Secret Window

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Secret Window
Secret Window movie.jpg
Theatrical release poster
Directed byDavid Koepp
Produced byGavin Polone
Ezra Swerdlow
Screenplay byDavid Koepp
Based onSecret Window, Secret Garden by
Stephen King
StarringJohnny Depp
John Turturro
Maria Bello
Timothy Hutton
Music byPhilip Glass
Geoff Zanelli
CinematographyFred Murphy
Edited byJill Savitt
Production
companies
Distributed bySony Pictures Releasing
Release date
  • March 12, 2004 (2004-03-12)
Running time
96 minutes
CountryUnited States
LanguageEnglish
Budget$40 million
Box office$92.9 million

Secret Window is a 2004 American psychological thriller film starring Johnny Depp and John Turturro. It was written and directed by David Koepp, based on the novella Secret Window, Secret Garden by Stephen King,[1] featuring a musical score by Philip Glass and Geoff Zanelli. The story appeared in King's collection Four Past Midnight. The film was released on March 12, 2004, by Columbia Pictures; it was a moderate box office success and received mixed reviews from critics.

Plot[edit]

After catching his wife Amy having an affair with their friend Ted, mystery writer Mort Rainey retreats to his cabin at Tashmore Lake in upstate New York, depressed and suffering from writer's block. Six months pass, and Mort has delayed finalizing the divorce. One day, a drawling Mississippian named John Shooter arrives at the cabin and accuses Mort of plagiarizing his short story, "Sowing Season". Upon reading Shooter's manuscript, Mort discovers it is virtually identical to his own story, "Secret Window", except for the ending.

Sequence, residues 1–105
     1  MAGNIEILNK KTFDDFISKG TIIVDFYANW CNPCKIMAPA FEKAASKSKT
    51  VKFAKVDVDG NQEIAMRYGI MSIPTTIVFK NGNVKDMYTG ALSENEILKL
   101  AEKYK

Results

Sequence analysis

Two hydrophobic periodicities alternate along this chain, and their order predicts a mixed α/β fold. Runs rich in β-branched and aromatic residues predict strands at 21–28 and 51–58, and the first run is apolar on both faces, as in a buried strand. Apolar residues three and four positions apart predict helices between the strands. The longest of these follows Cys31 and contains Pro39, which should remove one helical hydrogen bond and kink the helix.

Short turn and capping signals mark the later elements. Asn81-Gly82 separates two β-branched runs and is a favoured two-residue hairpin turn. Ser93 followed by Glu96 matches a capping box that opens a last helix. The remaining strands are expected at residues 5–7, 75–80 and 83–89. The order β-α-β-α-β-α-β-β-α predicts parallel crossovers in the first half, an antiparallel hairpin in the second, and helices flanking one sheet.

The following day, Mort, who once plagiarized another author's story, tells Shooter that his story was published two years before Shooter's, invalidating his plagiarism claim. Shooter demands proof and warns Mort against contacting the police. That night, Mort's dog, Chico, is found dead outside the cabin, along with a note from Shooter giving Mort three days to provide proof. Mort reports the incident to Sheriff Newsome.

Mort drives to his and Amy's house intending to retrieve the magazine in which his story was published but leaves because Ted and Amy are there. Mort hires private investigator Ken Karsch, who stakes out the cabin and speaks to Tom Greenleaf, a local resident who may have seen Shooter and Mort talking together. At the cabin, Shooter demands that Mort revise his story's ending to Shooter's version, where the protagonist kills his wife.

When an arson fire destroys Amy and Mort's house, Mort reveals to the police that he has an enemy. Karsch tells Mort that he suspects Shooter has threatened Greenleaf after Greenleaf claimed he never saw Mort and Shooter talking together. Mort and Karsch agree to confront Shooter but first will meet up with Greenleaf at the local diner the next morning.

Arriving late, Mort discovers that neither Karsch nor Greenleaf showed at the diner. Mort encounters Ted at a gas station where Ted demands Mort sign the divorce papers. Believing Shooter is in Ted's employ, Mort refuses, taunts Ted, and leaves. Shooter summons Mort to a meeting place; when he arrives, Mort finds Karsch and Greenleaf dead inside Greenleaf's truck. Shooter arrives and says the two men had "interfered" with his business. Shooter warns that he has implicated Mort in the two men's murders. Mort agrees to meet Shooter at his cabin to show him the magazine containing his story. Mort then pushes Greenleaf's truck off the steep cliff into a water-filled quarry where it sinks. While moving the vehicle, Mort's wristwatch is accidentally ripped off and left inside the truck cab.

Mort's literary agent has sent a copy of the magazine with his story. The packet has already been opened and Mort's story ripped out from the magazine. At the cabin, Mort sees Shooter's hat and puts it on. He begins speaking to himself, trying to make sense of the events. Mort realizes that Shooter is a figment of his imagination, a created character brought to life through Mort's undetected dissociative identity disorder, adopted to carry out malevolent tasks like killing Chico, Greenleaf, and Karsch, as well as arson.